If you adulterate something, you mess it up. You may not want to adulterate the beauty of freshly fallen snow by shoveling it, but how else are you going to get to work?

The verb adulterate comes from the Latin word adulterare, which means “to falsify,” or “to corrupt.” Whenever something original, pure, fresh, or wholesome is marred, polluted, defaced, or otherwise made inferior, it has been adulterated. Your grandfather may, for instance, believe that bartenders adulterate the name “Martini” by applying it to combinations of vodka, chocolate or anything other than a mixture of five parts gin to one part dry vermouth, on the rocks, with a twist.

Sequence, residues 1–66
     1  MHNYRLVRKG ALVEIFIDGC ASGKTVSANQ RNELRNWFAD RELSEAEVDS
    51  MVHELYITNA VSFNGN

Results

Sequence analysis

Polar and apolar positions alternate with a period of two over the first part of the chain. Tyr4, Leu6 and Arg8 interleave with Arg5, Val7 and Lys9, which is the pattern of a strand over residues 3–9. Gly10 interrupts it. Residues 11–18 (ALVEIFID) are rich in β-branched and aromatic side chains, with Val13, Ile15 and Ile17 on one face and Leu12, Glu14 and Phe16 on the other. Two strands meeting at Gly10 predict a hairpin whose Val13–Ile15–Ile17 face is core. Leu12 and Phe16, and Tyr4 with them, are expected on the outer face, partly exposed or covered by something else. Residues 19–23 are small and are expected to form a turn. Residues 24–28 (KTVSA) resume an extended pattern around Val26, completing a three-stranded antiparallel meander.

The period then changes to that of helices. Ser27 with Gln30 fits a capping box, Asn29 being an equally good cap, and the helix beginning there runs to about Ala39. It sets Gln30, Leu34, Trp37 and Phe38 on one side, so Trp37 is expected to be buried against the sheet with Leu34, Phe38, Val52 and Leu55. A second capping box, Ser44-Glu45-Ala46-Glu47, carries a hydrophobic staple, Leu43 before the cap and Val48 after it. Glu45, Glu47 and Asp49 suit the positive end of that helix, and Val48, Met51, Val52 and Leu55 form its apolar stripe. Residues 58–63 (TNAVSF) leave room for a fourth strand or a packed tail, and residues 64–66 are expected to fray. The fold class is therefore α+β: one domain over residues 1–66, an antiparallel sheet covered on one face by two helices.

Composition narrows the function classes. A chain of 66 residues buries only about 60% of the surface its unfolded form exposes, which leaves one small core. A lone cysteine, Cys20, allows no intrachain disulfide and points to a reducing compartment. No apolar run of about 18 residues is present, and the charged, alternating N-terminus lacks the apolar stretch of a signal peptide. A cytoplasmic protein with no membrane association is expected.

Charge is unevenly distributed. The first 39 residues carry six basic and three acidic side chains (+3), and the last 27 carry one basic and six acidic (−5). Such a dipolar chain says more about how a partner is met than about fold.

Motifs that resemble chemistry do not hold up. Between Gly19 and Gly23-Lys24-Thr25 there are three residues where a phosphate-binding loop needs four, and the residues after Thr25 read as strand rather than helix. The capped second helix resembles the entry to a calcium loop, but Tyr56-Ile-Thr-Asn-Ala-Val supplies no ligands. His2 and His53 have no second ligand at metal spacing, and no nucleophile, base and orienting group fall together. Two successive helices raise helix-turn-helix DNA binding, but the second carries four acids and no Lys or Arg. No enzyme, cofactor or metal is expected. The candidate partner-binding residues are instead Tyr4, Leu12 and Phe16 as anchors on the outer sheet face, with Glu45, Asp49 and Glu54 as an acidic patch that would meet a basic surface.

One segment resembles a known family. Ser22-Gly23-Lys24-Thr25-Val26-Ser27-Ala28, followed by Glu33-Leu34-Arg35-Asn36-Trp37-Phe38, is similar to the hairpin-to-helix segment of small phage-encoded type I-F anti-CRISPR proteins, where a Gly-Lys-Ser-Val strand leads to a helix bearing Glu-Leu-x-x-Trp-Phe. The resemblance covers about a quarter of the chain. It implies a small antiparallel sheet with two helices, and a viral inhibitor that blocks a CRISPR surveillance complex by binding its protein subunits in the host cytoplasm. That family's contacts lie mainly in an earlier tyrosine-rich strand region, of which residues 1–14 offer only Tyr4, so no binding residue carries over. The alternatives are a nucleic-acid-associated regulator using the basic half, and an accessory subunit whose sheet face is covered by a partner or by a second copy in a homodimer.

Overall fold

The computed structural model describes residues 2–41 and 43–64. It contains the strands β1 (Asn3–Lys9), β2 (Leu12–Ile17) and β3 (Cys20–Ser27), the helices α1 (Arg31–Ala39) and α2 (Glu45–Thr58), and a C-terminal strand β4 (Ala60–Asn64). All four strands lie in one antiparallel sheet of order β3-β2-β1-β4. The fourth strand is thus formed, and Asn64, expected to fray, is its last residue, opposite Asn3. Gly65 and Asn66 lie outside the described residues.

Definitions of adulterate

v corrupt, debase, or make impure by adding a foreign or inferior substance; often by replacing valuable ingredients with inferior ones

adulterate liquor”
debase, dilute, load, stretch
extend, stretch
increase in quantity or bulk by adding a cheaper substance
water down
thin by adding water to
doctor, doctor up, sophisticate
alter and make impure, as with the intention to deceive
Type of:
corrupt, spoil
alter from the original

adj mixed with impurities

adulterated, debased
combined with extraneous elements

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